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Τετάρτη, 30 Μαρτίου 2011 03:00

Egypt’s Road to Democracy: Lessons from the March Referendum

Γράφτηκε από Genevieve Theodorakis
On March 19, millions of voters rallied to polling centers to take part in Egypt’s first free and fair elections in nearly six decades. At least 25 million of Egypt’s 40 million eligible voters came out in an unprecedented turnout to cast their vote for a series of amendments to Egypt’s constitution[i], passing the referendum with the endorsement of 77 percent of voters[ii]. Specifically, the amendments limited the presidential term from six to four years, and imposed a two-term limit on each nominee. Newly elected presidents are now required to appoint a vice president within 60 days of resuming office, and presidential authority to declare a state of emergency has been circumscribed. Moreover, an article that empowered the state in the fight against terrorism was abolished due to the huge abuses of power it legitimated under the Mubarak regime. Finally, the referendum supported full judicial supervision of votes, a measure intended to ensure that free, transparent elections are held. The passing of the referendum will effectively pave the way for parliamentary elections to be held in June, followed by the presidential elections in August or September.

 

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Despite the seemingly majority support of the new constitutional amendments, the referendum exposed deep rifts in Egyptian society and shed light on a variety of serious concerns regarding Egypt’s democratic future. Among the opponents to the amendments were liberal secular leaders, including Nobel Peace Prize winner Mohamed elBaradei and Arab League Secretary-General Amr Moussa, and the youth movement that provided much of the momentum to the revolution and the removal of President Hosni Mubarak.[iii] Activists against the referendum assert that the timetable for elections is too short, and leaves little time for nascent political movements to organize themselves and present a  active, credible force in the upcoming elections. Additionally, critics argue that the amendments themselves were written without public input, and remain deeply flawed, even an “invitation to tyranny”[iv]. Voters lacked the ability to support or disapprove of each amendment, and could only vote for or against the entire package of proposals. No alterations were made to laws that dictate the formation of political parties, inhibiting the development of new political forces to participate in elections, nor were changes made to guarantee the preservation of human rights. Moreover, few limits were proposed to curb presidential authority, while emergency law powers that enabled great abuses under Mubarak were merely restricted.[v]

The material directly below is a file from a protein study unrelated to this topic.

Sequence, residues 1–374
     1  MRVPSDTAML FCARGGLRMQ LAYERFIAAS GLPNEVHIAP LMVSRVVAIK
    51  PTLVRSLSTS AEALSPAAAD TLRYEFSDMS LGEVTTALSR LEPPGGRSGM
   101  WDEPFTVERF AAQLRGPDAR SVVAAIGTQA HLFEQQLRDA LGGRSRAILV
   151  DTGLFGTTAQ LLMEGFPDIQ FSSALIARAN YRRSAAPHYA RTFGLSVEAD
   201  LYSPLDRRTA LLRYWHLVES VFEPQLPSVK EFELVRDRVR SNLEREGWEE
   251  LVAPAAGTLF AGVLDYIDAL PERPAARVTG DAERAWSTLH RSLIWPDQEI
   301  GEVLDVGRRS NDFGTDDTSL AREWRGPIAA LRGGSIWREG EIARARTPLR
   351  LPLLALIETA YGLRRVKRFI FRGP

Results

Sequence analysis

Critics rightly asserted that the election timetable also provides a great advantage to Egypt’s two most organized and contentious political forces. The Muslim Brotherhood, an Islamist organization officially outlawed under the Mubarak regime, maintains a significant following within Egyptian society and utilized their resources to present a formidable force in passing the recent referendum. Though the Brotherhood has publicly embraced the democratic process and rejects the use of violence, many elements of Egyptian society remain wary of their intentions. Potential Brotherhood support for the establishment of an Islamic state in Egypt provokes fears among liberal secularists and Egypt’s Coptic Christian population in particular, exacerbating already tense religious divisions in the country. Early elections will most certainly benefit the organization in the form of political power in parliament, which will be responsible for the formation of a new constitution.  Nevertheless, the Brotherhood faces significant opposition from many elements of society, and without reconciling their differences, the Brothers may face a hard- won battle come election time.

The former ruling party under Mubarak also stands to gain from the speedy election timetable. The National Democratic Party (NDP) was in power for three decades and benefits from years of experience, organization, and resources, thereby presenting a formidable force to fledgling political parties in the upcoming elections. However, the removal of Mubarak and the prosecution of NDP elites for corruption charges and human rights violations has dealt a significant blow to the party’s organization and popularity, and leaves their future role in Egypt’s politics uncertain.[vi]